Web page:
She's so fine: reflections on whiteness, femininity, adolescence and class in 1960s music

  title={She's so fine: reflections on whiteness, femininity, adolescence and class in 1960s music},
  author={Laurie Stras},
She's So Fine explores the music, reception and cultural significance of 1960s girl singers and girl groups in the US and the UK. Using approaches from the fields of musicology, women's studies, film and media studies, and cultural studies, this volume is the first interdisciplinary work to link close musical readings with rigorous cultural analysis in the treatment of artists such as Martha and the Vandellas, The Crystals, The Blossoms, Brenda Lee, Dusty Springfield, Lulu, Tina Turner, and… 

Crossover Fatigue: The Persistence of Gender at Motown Records

This article examines the cultural politics of “crossover” at Motown Records, focussing on the relationship between genre, gender, and career longevity. Beginning with the Supremes' covers albums in

Music as Feminine Capital in Napoleonic France: Nancy Macdonald’s Musical Upbringing

This microhistory situates the musical activities of Nancy Macdonald, a French student at Madame Campan’s National Institute for Young Women and Napoleon Bonaparte’s school for daughters of Legion

Listening for Willie Mae “Big Mama” Thornton’s Voice: The Sound of Race and Gender Transgressions in Rock and Roll

SINGER WILLIE MAE "BIG MAMA" THORNTON'S story will be familiar to many Women & Music readers. Yet I retell it here in a way that emphasizes her voice as an expressive instrument through which she

Come get these memories: gender, history and racial uplift in Bill Condon's Dreamgirls

On the release of the screen adaptation of Dreamgirls (2006), ex-Motown songwriter William ‘Smokey’ Robinson fielded speculations about corruption at America's most successful black-owned business.

Children, Childhood, and Musical Theater

Bringing together scholars from musicology, literature, childhood studies, and theater, this volume examines the ways in which children’s musicals tap into adult nostalgia for childhood while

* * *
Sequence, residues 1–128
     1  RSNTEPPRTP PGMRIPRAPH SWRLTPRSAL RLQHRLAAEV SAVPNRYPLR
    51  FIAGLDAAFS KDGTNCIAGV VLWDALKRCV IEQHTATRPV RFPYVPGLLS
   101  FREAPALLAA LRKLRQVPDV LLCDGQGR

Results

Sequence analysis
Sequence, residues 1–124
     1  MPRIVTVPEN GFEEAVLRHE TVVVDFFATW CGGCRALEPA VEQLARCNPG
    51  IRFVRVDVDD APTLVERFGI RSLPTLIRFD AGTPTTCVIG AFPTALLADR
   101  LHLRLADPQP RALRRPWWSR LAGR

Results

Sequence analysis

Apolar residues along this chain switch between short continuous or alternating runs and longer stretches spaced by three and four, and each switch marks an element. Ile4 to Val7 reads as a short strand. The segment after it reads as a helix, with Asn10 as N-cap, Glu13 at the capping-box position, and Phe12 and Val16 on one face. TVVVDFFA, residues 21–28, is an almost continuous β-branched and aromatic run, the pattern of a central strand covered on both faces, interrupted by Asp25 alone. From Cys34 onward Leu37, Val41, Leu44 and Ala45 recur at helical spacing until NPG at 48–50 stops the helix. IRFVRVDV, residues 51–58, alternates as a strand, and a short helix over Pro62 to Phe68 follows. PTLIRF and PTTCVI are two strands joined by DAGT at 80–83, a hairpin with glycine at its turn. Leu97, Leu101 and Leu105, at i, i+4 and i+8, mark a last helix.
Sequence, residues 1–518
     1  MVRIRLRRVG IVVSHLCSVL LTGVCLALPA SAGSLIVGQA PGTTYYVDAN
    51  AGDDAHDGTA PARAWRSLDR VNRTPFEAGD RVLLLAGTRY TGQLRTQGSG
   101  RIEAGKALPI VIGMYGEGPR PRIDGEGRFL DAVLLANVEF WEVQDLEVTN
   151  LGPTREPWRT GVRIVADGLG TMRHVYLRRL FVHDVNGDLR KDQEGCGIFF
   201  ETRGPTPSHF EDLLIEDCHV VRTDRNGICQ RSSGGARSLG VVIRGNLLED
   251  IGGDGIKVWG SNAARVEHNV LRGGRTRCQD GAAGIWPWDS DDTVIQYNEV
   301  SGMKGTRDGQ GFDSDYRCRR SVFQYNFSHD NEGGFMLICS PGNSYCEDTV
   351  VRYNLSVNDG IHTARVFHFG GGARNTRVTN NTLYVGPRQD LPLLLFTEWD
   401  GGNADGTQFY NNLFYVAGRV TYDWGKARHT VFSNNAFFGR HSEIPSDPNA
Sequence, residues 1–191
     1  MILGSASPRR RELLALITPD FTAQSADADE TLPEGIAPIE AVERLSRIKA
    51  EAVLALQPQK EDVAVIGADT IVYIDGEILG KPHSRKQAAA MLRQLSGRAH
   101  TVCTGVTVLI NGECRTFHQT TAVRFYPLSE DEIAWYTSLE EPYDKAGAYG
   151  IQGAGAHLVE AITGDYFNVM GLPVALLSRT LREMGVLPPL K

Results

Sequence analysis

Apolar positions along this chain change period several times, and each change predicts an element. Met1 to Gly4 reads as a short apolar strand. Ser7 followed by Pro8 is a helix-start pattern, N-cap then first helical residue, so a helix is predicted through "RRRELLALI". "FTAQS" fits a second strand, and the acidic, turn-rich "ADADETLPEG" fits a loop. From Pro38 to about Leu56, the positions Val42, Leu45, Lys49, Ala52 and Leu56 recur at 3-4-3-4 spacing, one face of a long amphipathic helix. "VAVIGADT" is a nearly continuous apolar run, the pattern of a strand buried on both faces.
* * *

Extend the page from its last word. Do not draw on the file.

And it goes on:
“A Girl Called Dusty With the Sound of Motown:” Dusty Springfield, Mimesis, and the Genealogy of a Persona

Though British singer Dusty Springfield had a very prominent and successful career, she is often left out of the history books. Her North American legacy has been reduced to her album Dusty in

Naturalizing Male Authority and the Power of the Producer

Abstract Hip-hop videos have for some time inspired a substantial amount of academic work investigating how ethnicity and gender is represented. Much has been written about the problematic

Patti Smith Kicks In the Walls of Memoir: Relational Lives and “the Right Voice” in Just Kids

In Just Kids, Patti Smith's relational narration “kicks in the wall” separating autobiography from biography. It alternately takes up the voices of a tender fairy tale of two young artists' quest for

The Politics of Voice in Tween Girls’ Music Criticism

Abstract:The tween girl music fan is often constructed as the antithesis of the normative critic; she is imagined to be naive, hysterical, or driven by repressed sexuality. This essay argues that

Professional Widows: Contesting History with the Rock and Roll Hall of Fame

  • A. Vesey
  • Sociology
    The Velvet Light Trap
  • 2022
ABSTRACT:Female musicians account for almost 8 percent of the Rock and Roll Hall of Fame's inductees. The Rock Hall, however, often invites rock widows to accept their late husbands' awards. As a



The gendered carnival of pop

One of the ironies of popular music studies is that the music that is the most popular, in terms of contemporary chart success, is rarely discussed by academics writing in the field. In this article

Gender in the Music Industry: Rock, Discourse and Girl Power

Contents: General editor's preface Introduction Rock and masculinity Gender and indie rock music Making meaning in the press Strategies of performance The riot grrrl network: grrrl power in indie

Mainstreaming American Musical Multiculturalism

At the dawn of the twenty-first century we find ourselves in Marshall McLuhan's proverbial "global village."1 The music of the world informs American television jingles, kids' cartoons, and news

Girl Groups, Girl Culture: Popular Music and Identity in the 1960s

Then He Kissed Me, He's A Rebel, Chains, Stop! In the Name of Love all these songs capture the spirit of an era and an image of "girlhood" in post-World War II America that still reverberates today.

On Musical Performances of Gender and Sex

  • Audible Traces: Gender, Identity, and Music
  • 1999

" Main streaming American Musical Multiculturalism : ' American Music

  • 2004

On Musical Performances of Gender and Sex:' In Audible Traces

  • 1999

The Rolling Stone Encyclopedia of Rock and Roll

  • 2001